Loose Lips

Big Day for Anti-Corporate Giving Petition Drive

Side effects from today's election are likely to include: heartburn, sweats, and irritability among incumbents in danger of losing their jobs; unrealistic bursts of optimism from several challengers; and a good barometer of whether the petition drive to end corporate giving in local political races will be successful.

Organizers of the anti-corporate giving push, known as Ballot Initiative 70, are counting on today for a huge boost in their effort to collect at least 23,000 valid signatures from registered voters to put the issue of corporate giving on the November ballot. They still have a few more months to get all those signatures, but today is their best chance to get the lion's share over and done with.

Organizers Bryan Weaver and Jerry Clark (pictured above at a Ward 1 voting station at Goodwill Baptist Church) say today's goal was somewhere between 10,000 and 15,000 signatures, and they have about 200 volunteers out circulating petitions at some of the most historically active voting precincts. (Ward 7 ANC commissioner Sylvia Brown is another sponsor of the initiative.)

Earlier this morning, Clark and Weaver were joined by Jim Dean, brother of former DNC Chairman Howard Dean, at a couple polling places trying to support the cause. LL watched the pair nab a few signatures today around noon. They didn't have to give a hard sell, or any real sell at all, to get people to sign.

But there weren't that many people out to give the soft sell to, and reports on the Twitter seem to indicate it's a low-turnout affair citywide.  That's not unexpected for a primary in April, and it's still early in the day. But a really, really low turnout could put a big dent in the good government group's efforts to ban corporate donations. After all: You can't get signatures from voters who stay home.

Photo by Alan Suderman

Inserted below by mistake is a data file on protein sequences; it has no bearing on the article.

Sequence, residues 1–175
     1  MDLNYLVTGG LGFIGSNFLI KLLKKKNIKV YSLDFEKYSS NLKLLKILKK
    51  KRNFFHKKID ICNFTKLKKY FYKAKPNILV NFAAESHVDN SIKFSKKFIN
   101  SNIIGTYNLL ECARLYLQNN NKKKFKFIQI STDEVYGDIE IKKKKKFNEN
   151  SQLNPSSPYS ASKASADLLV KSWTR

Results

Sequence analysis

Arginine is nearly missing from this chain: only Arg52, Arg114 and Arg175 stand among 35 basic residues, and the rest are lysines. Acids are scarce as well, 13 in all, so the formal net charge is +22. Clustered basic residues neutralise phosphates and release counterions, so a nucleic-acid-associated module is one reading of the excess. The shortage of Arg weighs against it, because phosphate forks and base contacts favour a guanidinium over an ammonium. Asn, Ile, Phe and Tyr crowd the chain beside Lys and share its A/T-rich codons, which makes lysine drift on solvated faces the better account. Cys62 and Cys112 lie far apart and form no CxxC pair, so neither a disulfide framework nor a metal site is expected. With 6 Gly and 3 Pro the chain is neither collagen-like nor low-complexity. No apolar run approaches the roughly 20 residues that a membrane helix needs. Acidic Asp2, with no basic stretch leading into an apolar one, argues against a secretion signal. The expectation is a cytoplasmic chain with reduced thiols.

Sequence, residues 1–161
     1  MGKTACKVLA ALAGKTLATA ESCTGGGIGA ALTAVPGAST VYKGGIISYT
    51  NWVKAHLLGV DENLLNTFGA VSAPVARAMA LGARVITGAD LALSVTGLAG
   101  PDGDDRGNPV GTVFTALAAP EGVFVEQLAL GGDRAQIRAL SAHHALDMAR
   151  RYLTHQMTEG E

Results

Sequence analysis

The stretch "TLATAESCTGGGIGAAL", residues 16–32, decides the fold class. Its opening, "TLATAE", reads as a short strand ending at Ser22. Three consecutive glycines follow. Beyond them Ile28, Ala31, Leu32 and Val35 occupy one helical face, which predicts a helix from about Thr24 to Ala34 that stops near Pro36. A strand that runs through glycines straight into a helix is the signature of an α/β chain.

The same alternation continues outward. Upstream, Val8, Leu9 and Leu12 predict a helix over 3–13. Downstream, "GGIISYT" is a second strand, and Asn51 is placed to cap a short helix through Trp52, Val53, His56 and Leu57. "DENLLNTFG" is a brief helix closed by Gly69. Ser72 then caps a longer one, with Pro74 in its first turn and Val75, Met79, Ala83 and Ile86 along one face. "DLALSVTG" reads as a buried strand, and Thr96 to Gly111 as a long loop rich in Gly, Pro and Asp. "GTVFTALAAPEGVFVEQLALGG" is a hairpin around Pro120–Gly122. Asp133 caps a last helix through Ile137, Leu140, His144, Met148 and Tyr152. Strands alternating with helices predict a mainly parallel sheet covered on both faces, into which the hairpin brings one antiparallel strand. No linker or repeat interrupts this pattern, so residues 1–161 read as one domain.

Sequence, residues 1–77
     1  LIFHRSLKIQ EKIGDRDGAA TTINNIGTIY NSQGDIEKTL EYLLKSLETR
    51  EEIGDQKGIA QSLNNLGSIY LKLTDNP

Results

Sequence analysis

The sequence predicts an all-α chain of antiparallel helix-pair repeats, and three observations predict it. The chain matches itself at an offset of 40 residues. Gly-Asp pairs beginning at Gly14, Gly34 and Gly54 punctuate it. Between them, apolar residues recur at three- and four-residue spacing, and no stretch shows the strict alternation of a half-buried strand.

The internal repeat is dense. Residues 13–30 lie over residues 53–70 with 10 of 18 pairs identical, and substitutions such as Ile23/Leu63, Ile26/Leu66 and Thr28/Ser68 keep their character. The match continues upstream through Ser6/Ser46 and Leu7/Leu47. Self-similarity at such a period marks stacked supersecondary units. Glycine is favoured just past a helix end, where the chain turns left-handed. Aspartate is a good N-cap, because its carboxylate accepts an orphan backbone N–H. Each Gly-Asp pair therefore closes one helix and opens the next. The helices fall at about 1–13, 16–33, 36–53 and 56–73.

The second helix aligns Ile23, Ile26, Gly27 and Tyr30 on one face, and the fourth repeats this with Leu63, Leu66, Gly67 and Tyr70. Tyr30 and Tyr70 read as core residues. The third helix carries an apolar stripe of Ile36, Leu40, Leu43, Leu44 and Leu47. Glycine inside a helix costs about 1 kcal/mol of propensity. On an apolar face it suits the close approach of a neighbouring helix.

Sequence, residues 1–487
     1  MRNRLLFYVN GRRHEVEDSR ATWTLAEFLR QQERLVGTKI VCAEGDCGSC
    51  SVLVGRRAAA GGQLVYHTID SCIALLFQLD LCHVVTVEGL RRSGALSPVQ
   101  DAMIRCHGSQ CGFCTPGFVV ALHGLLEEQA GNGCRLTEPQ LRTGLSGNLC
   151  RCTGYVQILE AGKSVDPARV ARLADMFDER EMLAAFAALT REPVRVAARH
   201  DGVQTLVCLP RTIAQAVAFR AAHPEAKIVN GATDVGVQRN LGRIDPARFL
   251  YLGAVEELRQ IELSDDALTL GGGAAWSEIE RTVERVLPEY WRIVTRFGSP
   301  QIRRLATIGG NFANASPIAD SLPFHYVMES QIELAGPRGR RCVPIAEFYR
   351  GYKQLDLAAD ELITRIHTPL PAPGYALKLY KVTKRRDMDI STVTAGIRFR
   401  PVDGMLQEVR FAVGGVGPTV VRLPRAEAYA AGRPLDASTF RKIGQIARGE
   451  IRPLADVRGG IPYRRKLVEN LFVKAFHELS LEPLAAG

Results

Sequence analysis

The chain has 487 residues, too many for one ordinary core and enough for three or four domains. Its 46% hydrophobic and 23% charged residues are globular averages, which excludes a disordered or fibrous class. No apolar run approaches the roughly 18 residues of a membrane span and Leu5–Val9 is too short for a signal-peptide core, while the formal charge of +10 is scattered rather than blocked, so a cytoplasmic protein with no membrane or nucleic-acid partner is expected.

• Ghost Dad

    Wish they were passionate about Term Limits

  • Drez

    Low turn out so far.

  • Juan Camilo Barragan

    Go Jerry, you're the man!

  • cminus

    @Ghost Dad, last time we passed a term limits initiative the Council voted to overturn it. This current Council is worse than that one, so any term limits initiative would be a waste of time.

  • NE John

    We should start a drive to fund a daily delivery to the council breakfast. A pile of shit from the Blue Plains.

  • dcvoterboy

    @Ghost Dad - we have term limits - they're called elections. If people don't like their elected officials - being an elected official is not a guaranteed gig. There's absolutely nothing that stops voters from kicking pols out of office except voters themselves.

  • Charlie

    I am sorry they are not circulating a petition that would require ranked-choice voting in the city. So if a candidate gets a majority of the vote in the primary they win. If not the second choice votes of the losing candidate are tallied and if someone has a majority they are declared the winner. If not the same method is applied to the next lowest candidate and so on until someone has a majority. This would allow voters to remove candidates that depend on winning he primary by getting a lot of contenders to enter the primary.